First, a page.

Life Cycle Greenhouse Gas Emissions of Coal-Fired Electricity Generation

Systematic Review and Harmonization


  • Michael Whitaker,

  • Garvin A. Heath,

  • Patrick O’Donoughue,

  • Martin Vorum


This article is corrected by:

  1. Errata: Second corrigendum to: Whitaker, M., G. A. Heath, P. O'Donoughue, and M. Vorum. 2012. Life cycle greenhouse gas emissions of coal-fired electricity generation: Systematic review and harmonization. Journal of Industrial Ecology 16(S1): S53–S72 Volume 17, Issue 5, 789–792, Article first published online: 17 September 2013

Garvin Heath, National Renewable Energy Laboratory, 1617 Cole Blvd., Golden, CO 80401, USA. Email:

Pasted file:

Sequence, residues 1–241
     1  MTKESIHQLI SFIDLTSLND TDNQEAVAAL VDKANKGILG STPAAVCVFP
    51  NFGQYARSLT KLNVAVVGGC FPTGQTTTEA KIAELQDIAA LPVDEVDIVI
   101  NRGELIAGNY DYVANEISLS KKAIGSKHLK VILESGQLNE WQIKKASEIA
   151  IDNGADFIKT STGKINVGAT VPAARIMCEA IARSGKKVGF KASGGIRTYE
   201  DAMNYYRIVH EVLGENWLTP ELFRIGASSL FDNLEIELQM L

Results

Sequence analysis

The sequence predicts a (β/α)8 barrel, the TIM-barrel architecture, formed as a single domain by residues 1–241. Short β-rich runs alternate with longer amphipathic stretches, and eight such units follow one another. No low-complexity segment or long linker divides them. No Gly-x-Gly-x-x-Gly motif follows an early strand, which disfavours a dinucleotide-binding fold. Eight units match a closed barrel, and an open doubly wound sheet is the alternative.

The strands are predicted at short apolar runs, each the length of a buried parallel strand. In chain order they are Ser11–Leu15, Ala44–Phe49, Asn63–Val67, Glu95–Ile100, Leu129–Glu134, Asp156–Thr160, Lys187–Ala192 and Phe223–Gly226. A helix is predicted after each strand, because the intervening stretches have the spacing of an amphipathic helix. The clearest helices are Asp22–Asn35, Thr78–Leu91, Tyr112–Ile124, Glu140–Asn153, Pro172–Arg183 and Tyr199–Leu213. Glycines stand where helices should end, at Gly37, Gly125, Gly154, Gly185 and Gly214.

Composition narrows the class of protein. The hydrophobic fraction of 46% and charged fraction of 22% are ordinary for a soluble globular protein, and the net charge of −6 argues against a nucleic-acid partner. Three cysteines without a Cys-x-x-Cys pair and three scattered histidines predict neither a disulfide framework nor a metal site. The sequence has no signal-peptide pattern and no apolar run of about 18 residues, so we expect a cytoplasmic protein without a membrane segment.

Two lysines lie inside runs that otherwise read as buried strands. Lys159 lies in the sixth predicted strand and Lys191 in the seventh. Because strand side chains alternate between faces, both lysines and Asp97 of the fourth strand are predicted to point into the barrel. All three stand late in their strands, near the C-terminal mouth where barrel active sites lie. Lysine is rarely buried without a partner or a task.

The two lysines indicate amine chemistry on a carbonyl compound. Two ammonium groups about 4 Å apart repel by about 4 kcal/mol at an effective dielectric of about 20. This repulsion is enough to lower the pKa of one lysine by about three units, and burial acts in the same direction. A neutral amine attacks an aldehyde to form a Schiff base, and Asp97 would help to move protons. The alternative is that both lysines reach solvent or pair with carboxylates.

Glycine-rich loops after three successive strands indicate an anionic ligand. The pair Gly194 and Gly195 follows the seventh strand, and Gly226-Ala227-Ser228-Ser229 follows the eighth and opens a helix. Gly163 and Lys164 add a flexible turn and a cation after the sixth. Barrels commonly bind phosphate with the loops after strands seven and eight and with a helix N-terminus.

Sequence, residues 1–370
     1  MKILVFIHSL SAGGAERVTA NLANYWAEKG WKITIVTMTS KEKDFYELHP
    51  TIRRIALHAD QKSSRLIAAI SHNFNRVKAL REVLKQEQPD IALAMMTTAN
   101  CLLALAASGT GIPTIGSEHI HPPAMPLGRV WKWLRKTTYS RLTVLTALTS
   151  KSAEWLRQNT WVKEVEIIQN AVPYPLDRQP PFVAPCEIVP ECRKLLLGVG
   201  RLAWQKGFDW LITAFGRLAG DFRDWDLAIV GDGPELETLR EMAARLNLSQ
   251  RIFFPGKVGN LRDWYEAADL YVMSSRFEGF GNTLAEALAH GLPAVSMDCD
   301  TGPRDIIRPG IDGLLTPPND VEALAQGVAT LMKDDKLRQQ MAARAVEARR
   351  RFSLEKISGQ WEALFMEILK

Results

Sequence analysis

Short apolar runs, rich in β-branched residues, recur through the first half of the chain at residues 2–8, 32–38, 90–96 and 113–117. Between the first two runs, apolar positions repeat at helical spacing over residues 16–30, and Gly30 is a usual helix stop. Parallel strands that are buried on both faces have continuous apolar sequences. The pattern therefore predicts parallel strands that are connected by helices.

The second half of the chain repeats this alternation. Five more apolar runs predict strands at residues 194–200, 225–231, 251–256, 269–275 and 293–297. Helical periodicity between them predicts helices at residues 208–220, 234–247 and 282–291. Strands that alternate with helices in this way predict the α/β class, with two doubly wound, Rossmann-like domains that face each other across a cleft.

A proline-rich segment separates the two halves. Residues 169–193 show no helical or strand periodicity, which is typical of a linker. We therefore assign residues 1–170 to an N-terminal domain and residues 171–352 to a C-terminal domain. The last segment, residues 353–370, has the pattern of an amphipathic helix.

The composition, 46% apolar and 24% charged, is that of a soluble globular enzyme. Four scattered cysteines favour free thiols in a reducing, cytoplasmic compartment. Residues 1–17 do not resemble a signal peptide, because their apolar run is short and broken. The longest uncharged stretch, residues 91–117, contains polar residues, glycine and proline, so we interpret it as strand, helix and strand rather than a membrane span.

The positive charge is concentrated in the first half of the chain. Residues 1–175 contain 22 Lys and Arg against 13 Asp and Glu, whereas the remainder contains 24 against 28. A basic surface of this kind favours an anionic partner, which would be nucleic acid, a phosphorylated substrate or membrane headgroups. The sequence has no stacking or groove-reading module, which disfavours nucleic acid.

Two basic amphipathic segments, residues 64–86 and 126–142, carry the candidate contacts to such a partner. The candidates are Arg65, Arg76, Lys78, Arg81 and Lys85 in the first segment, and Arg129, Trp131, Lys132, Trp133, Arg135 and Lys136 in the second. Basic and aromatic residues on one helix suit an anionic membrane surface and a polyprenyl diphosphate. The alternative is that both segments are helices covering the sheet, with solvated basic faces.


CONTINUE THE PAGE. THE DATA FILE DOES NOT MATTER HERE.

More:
This systematic review and harmonization of life cycle assessments (LCAs) of utility-scale coal-fired electricity generation systems focuses on reducing variability and clarifying central tendencies in estimates of life cycle greenhouse gas (GHG) emissions. Screening 270 references for quality LCA methods, transparency, and completeness yielded 53 that reported 164 estimates of life cycle GHG emissions. These estimates for subcritical pulverized, integrated gasification combined cycle, fluidized bed, and supercritical pulverized coal combustion technologies vary from 675 to 1,689 grams CO2-equivalent per kilowatt-hour (g CO2-eq/kWh) (interquartile range [IQR]= 890–1,130 g CO2-eq/kWh; median = 1,001) leading to confusion over reasonable estimates of life cycle GHG emissions from coal-fired electricity generation. By adjusting published estimates to common gross system boundaries and consistent values for key operational input parameters (most importantly, combustion carbon dioxide emission factor [CEF]), the meta-analytical process called harmonization clarifies the existing literature in ways useful for decision makers and analysts by significantly reducing the variability of estimates (−53% in IQR magnitude) while maintaining a nearly constant central tendency (−2.2% in median). Life cycle GHG emissions of a specific power plant depend on many factors and can differ from the generic estimates generated by the harmonization approach, but the tightness of distribution of harmonized estimates across several key coal combustion technologies implies, for some purposes, first-order estimates of life cycle GHG emissions could be based on knowledge of the technology type, coal mine emissions, thermal efficiency, and CEF alone without requiring full LCAs. Areas where new research is necessary to ensure accuracy are also discussed.